As a BTC (later Transport Holding Company – THC) company, Red & White and its former subsidiaries became customers of the Bristol Commercial Vehicles (BCV) range of chassis, with bodywork by Eastern Coachworks (ECW). Previously they had purchased very few vehicles from either manufacturer, but, by the time the last of the Guy Arabs purchased at the end of the privately-owned era were withdrawn in 1969, the R&W fleet was 100% Bristol/ECW.
However, initially several vehicles of other makes, that had been ordered prior to nationalisation, were delivered. A large batch of Leyland Royal Tiger underfloor-engined single deckers, mostly with Lydney bodywork, arrived over an extended period from 1951 to 1953. The last few of the lowbridge Duple bodied Guy Arab double deckers arrived in 1951, while 14 Guy Arab UF single deckers, with rare Duple Roadmaster metal-framed coach bodies, were delivered in 1952 and 1953.
The first Bristol-ECW vehicles arrived in 1953. These were LS underfloor-engined single deckers, 11 buses and 11 coaches. A batch of 6 LD type double deckers were given fleet numbers implying delivery in 1953, but in practice they arrived the following year. Thereafter, the policy followed a fairly typical pattern for a BTC/THC company, with just a few lightweight Bristol SCs purchased in 1957 as the only exceptions to a concentration on heavy duty chassis.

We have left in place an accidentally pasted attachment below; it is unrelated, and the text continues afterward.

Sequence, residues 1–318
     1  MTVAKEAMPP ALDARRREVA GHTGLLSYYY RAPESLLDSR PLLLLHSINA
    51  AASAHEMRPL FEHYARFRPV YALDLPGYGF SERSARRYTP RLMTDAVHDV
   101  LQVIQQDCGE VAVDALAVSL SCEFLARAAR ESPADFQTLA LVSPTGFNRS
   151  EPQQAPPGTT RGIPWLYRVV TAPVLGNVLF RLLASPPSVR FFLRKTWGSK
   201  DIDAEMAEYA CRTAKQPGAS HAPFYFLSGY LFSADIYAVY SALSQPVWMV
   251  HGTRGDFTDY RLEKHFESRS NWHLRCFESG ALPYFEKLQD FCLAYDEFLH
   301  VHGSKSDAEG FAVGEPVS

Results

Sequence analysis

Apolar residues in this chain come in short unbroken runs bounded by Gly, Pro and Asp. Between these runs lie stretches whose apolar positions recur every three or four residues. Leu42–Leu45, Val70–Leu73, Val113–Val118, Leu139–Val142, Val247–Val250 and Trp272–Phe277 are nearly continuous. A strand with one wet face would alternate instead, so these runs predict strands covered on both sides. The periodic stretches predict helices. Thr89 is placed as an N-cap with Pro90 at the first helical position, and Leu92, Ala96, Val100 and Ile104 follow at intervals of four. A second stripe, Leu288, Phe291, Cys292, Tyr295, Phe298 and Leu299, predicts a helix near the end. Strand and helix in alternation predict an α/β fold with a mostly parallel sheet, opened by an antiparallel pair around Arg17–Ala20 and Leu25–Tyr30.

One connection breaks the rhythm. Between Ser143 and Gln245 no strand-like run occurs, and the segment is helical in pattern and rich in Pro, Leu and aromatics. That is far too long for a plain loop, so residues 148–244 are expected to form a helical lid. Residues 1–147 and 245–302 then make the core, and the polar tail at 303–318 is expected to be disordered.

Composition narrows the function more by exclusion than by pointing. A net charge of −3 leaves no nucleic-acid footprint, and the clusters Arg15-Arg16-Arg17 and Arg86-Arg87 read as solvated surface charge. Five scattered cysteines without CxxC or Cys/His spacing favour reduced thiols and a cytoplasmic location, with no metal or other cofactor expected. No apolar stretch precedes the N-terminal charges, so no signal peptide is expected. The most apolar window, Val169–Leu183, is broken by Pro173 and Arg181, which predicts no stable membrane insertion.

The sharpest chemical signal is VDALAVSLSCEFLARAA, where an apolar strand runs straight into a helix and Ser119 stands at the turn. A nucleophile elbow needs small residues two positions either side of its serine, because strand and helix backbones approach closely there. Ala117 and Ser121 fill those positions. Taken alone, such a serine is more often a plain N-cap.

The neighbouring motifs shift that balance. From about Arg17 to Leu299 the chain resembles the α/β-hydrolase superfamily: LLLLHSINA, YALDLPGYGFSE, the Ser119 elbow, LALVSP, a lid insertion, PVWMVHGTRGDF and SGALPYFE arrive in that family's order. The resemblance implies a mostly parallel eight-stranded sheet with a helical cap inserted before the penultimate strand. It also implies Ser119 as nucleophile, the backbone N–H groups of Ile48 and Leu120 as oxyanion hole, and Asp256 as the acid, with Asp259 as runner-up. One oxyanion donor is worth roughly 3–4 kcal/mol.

The geography of the operating area meant that few double deckers were owned – neither the natural nor the man-made environment were particularly conducive to double deck operation. One unusual aspect was the complete absence of any front-entrance double deckers. The Bristol MW single decker, produced from 1957-67, was purchased in large numbers. One Chief Engineer of the company is quoted as having wished that the fleet consisted entirely of MWs.